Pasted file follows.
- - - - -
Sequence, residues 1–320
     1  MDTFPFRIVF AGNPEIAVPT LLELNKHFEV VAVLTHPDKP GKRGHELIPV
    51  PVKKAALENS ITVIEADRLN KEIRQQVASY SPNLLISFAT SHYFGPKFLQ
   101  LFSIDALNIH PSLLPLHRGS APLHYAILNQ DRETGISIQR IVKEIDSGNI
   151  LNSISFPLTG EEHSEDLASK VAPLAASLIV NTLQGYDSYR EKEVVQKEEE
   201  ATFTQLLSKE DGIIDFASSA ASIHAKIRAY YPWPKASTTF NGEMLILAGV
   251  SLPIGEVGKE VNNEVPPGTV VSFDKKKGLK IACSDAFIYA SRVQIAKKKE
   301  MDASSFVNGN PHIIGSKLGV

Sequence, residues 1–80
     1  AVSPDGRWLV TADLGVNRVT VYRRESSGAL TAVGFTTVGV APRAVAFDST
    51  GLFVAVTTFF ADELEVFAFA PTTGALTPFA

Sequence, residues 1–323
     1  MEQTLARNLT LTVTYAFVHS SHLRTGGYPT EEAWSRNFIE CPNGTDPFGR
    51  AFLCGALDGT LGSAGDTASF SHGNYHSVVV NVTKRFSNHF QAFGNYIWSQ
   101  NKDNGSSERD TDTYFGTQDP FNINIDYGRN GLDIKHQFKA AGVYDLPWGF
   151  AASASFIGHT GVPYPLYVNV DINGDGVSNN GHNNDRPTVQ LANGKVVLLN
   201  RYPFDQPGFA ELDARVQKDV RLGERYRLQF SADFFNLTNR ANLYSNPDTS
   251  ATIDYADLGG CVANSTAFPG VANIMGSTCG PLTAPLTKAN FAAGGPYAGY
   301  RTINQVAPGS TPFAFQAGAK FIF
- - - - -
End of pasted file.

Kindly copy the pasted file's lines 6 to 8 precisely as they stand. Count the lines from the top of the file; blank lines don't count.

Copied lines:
   201  ATFTQLLSKE DGIIDFASSA ASIHAKIRAY YPWPKASTTF NGEMLILAGV
   251  SLPIGEVGKE VNNEVPPGTV VSFDKKKGLK IACSDAFIYA SRVQIAKKKE
   301  MDASSFVNGN PHIIGSKLGV